Ershelle Newsome, Retired Chief Executive Officer and resident of Fairfield Bay, Patricia Fry, American Red Cross Disaster Manager, Central Arkansas, and Shana Beel, Assistant to Ms. Fry.
Here is a brief set of American Red Cross Information:
Mission Statement: •The American Red Cross prevents and alleviates human suffering in the face of emergencies by mobilizing the power of volunteers and the generosity of donors.
Services Provided: •Disaster Services, Services to the Armed Forces, Health & Safety, Volunteer Management, Public Relations and fundraising are centrally managed.
Arkansas American Red Cross: •Split into five zones (Northwest, Southwest, Central, Northeast, and Southeast). •Three (3) Chapters: Little Rock, Tontitown and Jonesboro. •Central Zone is comprised of eleven (11) counties (Stone, Van Buren, Cleburne, Conway, Faulkner, White, Perry, Saline, Pulaski, Lonoke and Prairie). These counties are serviced through offices in Conway, Searcy, and Little Rock.
How Arkansas’ Red Cross Stays Prepared: •19,000 Service Volunteers in the Arkansas Region. •Prepositioned supplies, shelter agreements (with other community organizations like churches and community centers), Emergency Response Vehicles and trailers that are filled with supplies that can be made available during a Disaster Response Operation. •Community disaster preparedness education to the public. As it happens so often, I have fond memories of the Red Cross in Europe right after World War II.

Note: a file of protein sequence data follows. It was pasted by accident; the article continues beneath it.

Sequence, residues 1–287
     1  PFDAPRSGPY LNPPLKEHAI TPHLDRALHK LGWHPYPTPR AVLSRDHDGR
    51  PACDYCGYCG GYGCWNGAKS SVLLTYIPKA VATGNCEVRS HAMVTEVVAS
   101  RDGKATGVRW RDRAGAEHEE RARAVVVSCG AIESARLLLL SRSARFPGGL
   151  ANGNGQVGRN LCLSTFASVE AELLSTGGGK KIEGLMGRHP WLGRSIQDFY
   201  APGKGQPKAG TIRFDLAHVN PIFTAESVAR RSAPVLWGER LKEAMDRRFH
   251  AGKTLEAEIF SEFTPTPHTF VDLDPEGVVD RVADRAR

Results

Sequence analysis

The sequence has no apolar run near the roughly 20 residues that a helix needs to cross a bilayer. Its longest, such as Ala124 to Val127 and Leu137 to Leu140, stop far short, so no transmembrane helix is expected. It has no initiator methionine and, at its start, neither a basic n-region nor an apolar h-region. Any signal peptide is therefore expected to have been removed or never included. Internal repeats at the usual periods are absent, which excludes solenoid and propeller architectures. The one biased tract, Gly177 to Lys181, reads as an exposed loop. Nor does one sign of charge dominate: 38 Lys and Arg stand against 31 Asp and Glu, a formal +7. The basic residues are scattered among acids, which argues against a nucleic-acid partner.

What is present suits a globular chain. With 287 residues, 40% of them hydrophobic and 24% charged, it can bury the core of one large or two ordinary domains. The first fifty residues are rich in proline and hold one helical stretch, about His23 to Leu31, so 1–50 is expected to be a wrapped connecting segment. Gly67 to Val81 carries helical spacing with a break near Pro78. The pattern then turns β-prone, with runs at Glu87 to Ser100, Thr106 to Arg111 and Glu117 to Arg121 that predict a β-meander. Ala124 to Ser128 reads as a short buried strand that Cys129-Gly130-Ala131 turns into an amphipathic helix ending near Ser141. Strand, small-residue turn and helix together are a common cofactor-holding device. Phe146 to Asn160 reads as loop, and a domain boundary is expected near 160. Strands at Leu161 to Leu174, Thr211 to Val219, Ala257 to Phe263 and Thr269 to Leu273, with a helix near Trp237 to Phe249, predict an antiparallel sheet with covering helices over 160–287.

My mother and I had just been freed from our concentration camp in the Ukraine. We did not know whether my father was still alive. Last we knew he was underground in France. We contacted the Red Cross and they promised to assist us in our search. My father did the same in France and somehow the Red Cross matched us up and notified us of each others whereabouts. We were so happy and jubilant to find our father. Soon after that, mother and I embarked on the adventurous trip across post war Europe from Romania to France. No United Airlines or the like; walk and hitch-hike were the only way. We started in October 1945 and arrived in France in January 1946 and were happily reunited thanks to the Red Cross.